CLEMSON -- Damonte McKenzie is a survivor.
He was a part of a class that came to Clemson in 1995 with plenty of
promise. Twenty-four recruits showed up that August. There's still some
promise left in the two that are left - quarterback Brandon Streeter and
McKenzie. They're the only two of that class that have a chance to finish
their career with a bowl win.
"The other players view me as the old man," he said. "I sit down and talk to
them and tell them old war stories."
He's got plenty of stories. None involve winning bowls.
That's something McKenzie wants to change in the Peach Bowl against
Mississippi State. This is his last chance to collect a ring. He gave the
other two Peach Bowl rings to his mom and his dad. Somewhere there might be
a ring from the loss in the Gator Bowl. He's not sure. There's not much
sentimental value in a ring from a bowl loss.
"Anytime you lose, whether it's against Furman or anybody, it's
disappointing," he said.
Clemson lost to Syracuse, 41-0, in the Gator Bowl in 1995, his freshman
year. The next two years the Tigers traveled to Atlanta and lost to LSU and
Auburn in the Peach Bowl. Both were close losses and McKenzie said Clemson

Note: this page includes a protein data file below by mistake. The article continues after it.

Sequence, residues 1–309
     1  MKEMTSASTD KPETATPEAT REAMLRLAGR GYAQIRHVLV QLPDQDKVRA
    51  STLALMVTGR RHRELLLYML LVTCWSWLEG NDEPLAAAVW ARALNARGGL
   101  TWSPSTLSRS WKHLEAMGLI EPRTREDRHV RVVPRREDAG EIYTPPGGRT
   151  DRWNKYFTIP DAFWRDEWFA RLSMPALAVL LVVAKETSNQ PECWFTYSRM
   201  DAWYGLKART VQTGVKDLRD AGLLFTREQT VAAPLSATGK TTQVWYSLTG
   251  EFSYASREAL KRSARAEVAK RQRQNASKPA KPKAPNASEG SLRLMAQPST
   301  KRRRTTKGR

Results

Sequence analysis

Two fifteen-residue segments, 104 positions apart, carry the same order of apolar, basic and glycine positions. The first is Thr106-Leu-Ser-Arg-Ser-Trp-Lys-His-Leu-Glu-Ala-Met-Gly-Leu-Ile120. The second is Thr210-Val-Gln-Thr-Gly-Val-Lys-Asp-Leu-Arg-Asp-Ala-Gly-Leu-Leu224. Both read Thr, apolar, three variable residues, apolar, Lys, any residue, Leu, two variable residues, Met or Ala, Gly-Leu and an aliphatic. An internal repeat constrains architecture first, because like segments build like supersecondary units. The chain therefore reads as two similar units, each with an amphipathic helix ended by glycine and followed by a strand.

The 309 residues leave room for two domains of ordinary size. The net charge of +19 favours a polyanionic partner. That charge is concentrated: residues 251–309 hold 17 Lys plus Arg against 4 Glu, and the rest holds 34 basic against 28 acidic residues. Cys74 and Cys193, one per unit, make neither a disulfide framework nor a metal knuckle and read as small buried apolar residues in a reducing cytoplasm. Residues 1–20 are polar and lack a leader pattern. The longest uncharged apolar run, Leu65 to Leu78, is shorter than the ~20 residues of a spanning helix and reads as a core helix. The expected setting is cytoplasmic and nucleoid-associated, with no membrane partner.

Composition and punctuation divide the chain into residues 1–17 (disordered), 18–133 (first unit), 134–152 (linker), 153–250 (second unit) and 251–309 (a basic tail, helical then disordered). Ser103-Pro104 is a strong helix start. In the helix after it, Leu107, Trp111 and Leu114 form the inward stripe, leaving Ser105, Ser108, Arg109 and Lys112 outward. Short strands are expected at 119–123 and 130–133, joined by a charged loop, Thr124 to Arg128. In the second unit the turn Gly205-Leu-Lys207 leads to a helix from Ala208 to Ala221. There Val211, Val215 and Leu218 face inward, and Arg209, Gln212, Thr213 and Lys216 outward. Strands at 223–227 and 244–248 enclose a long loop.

"I can't really say why we lost," he said. "We practiced hard. I have no
idea what happened. I guess we prepared ourselves. The coaching staff had us
ready and we practiced hard."
He doesn't want to be one of just two players in Clemson history to
experience four bowl losses and he sure doesn't want to lose to a
Southeastern Conference team in the Peach Bowl again.
"Coach (Tommy) Bowden talked to us about rings," he said. "It would be good
to have Peach Bowl champion rather than just Peach Bowl on the ring. I think
I can speak for all the seniors when I say 7-5 would be a lot better than
6-6. Not just because I'm a senior, but for the whole team. I feel like if
we win this game, we'll crack the top-25. Winning this game against a 9-2
team I'm sure would place the team in the top 20 next year."
McKenzie, who played at Lake City, has been around long enough to know that
things are changing at Clemson. And the change started at the top, according
"I would classify him as a Y2K coach," he said. "He's is the coach for the
future. He's hands on. The other day he mentioned that when he's on the
phone for us not to stand out in the lobby and wait on him, but to come and
tap him on the shoulder. He said that's what he's there for. I like that."
McKenzie will like Bowden even more if that Peach Bowl ring says "champions."